The Scot finally ended Britain's 77-year wait for a men's singles champion at Wimbledon on Sunday, beating Novak Djokovic in three hard-fought sets in the final to add to last year's US Open triumph.
He remains a distant second to Djokovic in the ATP's official world rankings, though it is not impossible he could close the near 3,000-point gap to the Serbian by the end of the year.
But Lendl believes 26-year-old Murray's major double, allied to last summer's Olympic success, makes him the man to beat.
"Under pressure right now Andy has two majors and a gold medal," Lendl told reporters from several national newspapers at the Wimbledon champions' dinner.
"Novak is a great player, don't get me wrong. He has had a phenomenal last 12 months [and] basically since the start of 2011, so the rankings look at all of that.
"[But] if somebody has two majors and an Olympic gold medal, and everybody else [holds] only one major, everybody can make their own opinion on that."
The Czech won eight majors in his own playing career and believes that - rather than the rankings - is the measure by which a player is ultimately judged.
"Every champion knows how many majors they won," said Lendl. "Nobody remembers how many weeks they were number one."
In addition to his major wins, Murray lost to Roger Federer in last year's Wimbledon final and was also runner-up in this year's Australian Open, won by Djokovic.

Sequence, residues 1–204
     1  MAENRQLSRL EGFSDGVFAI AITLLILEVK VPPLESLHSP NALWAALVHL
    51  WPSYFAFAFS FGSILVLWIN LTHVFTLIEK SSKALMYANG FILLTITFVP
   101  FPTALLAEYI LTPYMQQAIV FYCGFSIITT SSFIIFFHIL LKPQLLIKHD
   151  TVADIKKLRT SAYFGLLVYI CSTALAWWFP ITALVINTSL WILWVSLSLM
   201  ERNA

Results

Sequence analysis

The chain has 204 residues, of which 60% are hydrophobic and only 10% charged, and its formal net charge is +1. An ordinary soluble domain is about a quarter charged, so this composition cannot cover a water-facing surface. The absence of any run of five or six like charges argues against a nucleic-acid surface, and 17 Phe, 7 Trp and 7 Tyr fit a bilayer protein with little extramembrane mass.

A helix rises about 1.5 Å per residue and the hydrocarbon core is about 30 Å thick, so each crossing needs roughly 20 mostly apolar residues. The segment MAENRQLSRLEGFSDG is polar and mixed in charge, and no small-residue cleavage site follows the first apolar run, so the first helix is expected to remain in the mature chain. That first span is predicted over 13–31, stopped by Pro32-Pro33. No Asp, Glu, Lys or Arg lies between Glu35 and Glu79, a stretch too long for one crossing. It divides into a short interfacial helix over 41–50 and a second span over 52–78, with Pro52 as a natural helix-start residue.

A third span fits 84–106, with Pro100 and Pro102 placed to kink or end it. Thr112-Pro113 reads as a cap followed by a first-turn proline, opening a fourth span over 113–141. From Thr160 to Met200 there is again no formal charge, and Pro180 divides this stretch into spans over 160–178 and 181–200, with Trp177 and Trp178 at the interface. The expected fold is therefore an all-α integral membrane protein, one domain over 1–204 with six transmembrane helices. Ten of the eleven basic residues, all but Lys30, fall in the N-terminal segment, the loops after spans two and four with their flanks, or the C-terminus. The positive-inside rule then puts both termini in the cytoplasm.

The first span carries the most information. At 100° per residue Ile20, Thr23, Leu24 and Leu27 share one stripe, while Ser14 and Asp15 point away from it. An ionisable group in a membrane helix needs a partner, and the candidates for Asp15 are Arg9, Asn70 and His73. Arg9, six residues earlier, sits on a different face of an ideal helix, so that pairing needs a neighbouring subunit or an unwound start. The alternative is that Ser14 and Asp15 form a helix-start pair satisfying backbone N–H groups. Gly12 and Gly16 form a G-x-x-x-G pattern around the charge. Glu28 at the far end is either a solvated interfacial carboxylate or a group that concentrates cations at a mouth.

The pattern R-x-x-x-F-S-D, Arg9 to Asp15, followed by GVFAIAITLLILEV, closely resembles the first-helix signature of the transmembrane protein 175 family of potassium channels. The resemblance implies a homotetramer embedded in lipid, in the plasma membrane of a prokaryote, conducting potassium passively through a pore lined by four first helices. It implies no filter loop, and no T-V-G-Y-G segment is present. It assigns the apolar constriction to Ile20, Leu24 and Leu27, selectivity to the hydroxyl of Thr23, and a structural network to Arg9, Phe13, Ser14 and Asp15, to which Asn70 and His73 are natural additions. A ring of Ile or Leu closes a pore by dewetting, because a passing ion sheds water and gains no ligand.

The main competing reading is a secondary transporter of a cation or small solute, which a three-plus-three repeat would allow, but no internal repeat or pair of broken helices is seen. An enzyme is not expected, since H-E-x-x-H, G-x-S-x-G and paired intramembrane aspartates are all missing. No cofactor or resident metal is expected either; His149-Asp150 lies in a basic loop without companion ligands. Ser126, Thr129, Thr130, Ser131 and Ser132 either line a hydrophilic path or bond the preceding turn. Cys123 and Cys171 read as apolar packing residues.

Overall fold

Lendl is delighted with Murray's consistency and feels those experiences, particularly at SW19, helped him get over the line this year.
"This one was more difficult to win because there was more pressure on Andy than there was at Flushing Meadows," he said.
"If he hadn't played last year's final then he wouldn't have been prepared that well [this time]. I think it was a great experience to have. Any time you play a major finals and you get that experience I think it's very important.
"My expectations were to do the best job I can to give Andy the best chances to win as many as he can. And that's pretty much what happened.
"I wouldn't say it came extremely quickly. These things don't take a few weeks. The first one took over six months, seven months, but what I'm pleased about is his consistency.
"He got to the final of Wimbledon, followed by the Olympics, followed by winning the US Open, followed by the final of the Australian Open, followed by winning Wimbledon. That's a remarkable consistency and I'm very pleased with Andy in that regard. It's not easy."